He said: “Disruption on this scale is simply unacceptable and I have asked Nats for a full explanation of this evening’s incident.”
17.40: NATS has some previous with computer glitches. There were similar problems twice last year in July and December last year.
17.37: The upside of airport chaos – amazing views.
17.26: 50 flights cancelled at Heathrow and more expected.
Heathrow has had to cancel 50 flights as a result of the earlier glitch which lasted barely half an hour from about 3.30pm until 4pm.
Airlines flying from Gatwick Airport, just south of London, were still deciding at about 5.15pm whether any cancellations would be needed to clear the backlog.
No flights had yet been cancelled altogether, a spokesman said, although some have experienced delays of about 45 minutes.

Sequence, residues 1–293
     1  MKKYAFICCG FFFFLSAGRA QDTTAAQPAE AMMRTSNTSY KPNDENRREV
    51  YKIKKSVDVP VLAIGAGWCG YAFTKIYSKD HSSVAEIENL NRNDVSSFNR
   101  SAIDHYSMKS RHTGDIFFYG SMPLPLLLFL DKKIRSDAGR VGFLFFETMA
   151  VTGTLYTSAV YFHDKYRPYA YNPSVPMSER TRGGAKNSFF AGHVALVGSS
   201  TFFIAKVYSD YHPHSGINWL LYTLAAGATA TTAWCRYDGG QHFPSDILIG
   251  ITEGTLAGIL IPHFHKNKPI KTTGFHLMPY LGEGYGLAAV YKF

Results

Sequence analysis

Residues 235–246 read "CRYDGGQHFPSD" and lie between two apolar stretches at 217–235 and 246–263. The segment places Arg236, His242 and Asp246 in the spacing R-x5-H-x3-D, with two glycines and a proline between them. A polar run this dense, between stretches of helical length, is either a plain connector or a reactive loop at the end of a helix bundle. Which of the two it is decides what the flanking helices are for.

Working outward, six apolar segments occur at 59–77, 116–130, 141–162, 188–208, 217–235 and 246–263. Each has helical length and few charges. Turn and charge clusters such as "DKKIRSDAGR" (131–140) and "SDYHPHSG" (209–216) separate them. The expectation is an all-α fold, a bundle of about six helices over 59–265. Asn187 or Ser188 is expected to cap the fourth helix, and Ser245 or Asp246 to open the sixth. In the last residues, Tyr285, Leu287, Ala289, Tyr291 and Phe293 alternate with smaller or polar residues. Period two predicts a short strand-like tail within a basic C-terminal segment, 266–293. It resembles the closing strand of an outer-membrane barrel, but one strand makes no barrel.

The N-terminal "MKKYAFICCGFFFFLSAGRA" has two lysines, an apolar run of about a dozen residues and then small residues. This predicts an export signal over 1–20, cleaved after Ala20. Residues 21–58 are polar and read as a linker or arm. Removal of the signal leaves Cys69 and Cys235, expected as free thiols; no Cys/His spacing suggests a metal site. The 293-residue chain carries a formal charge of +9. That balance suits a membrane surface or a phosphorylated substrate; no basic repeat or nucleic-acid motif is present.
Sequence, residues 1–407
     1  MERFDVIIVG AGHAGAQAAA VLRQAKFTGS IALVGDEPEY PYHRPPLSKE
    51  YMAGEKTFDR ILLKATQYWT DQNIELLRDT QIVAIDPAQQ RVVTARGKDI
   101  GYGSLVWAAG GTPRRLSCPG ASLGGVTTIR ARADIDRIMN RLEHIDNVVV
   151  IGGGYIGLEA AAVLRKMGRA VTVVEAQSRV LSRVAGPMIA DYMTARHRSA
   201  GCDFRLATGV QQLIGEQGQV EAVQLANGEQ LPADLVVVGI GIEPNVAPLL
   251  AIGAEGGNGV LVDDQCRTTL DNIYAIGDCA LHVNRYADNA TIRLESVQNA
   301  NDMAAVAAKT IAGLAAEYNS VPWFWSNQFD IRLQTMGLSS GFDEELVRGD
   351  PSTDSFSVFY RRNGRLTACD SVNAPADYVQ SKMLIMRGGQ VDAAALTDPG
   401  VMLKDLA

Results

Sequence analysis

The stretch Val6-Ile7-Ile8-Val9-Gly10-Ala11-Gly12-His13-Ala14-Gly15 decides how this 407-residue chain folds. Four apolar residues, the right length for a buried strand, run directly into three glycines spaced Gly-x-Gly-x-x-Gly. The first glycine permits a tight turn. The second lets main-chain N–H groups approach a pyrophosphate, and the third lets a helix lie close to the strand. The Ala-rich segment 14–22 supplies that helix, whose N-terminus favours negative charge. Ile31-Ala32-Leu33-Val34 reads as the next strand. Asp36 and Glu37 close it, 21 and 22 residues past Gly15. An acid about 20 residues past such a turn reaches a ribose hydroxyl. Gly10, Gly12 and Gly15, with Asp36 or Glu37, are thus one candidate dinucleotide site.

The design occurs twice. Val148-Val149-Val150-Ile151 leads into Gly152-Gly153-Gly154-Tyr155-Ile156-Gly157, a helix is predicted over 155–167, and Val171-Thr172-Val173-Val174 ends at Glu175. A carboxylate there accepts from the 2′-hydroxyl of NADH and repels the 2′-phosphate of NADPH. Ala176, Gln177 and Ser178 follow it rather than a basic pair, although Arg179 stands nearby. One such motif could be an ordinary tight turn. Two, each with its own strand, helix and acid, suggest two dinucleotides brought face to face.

The airport was not able to confirm how many flights had been affected.
17.23: Long haul flights from Heathrow are being prioritised, followed by European flights and finally UK flights.
17.19: Businesswoman Katharine Tulley from Manchester stranded at Heathrow says they have been told their flight to Manchester is delayed by six hours. She and her colleagues are now getting a taxi from Heathrow to Manchester.
“The last time I came to Heathrow this happened. I think I must be cursed. But I am being philosophical. There are people trying to travel to the other side of the world in a worse position than me.”
17.17 Although the problem now appears to have been fixed, it’s likely to have a knock-on effect for passengers travelling into London from around the world.
Matt Navarra says on Twitter his flight from New York to London has been delayed by several hours.
17.12:Trickle of planes now leaving Heathrow
17.03: Stansted says flights are taking off but there are holdups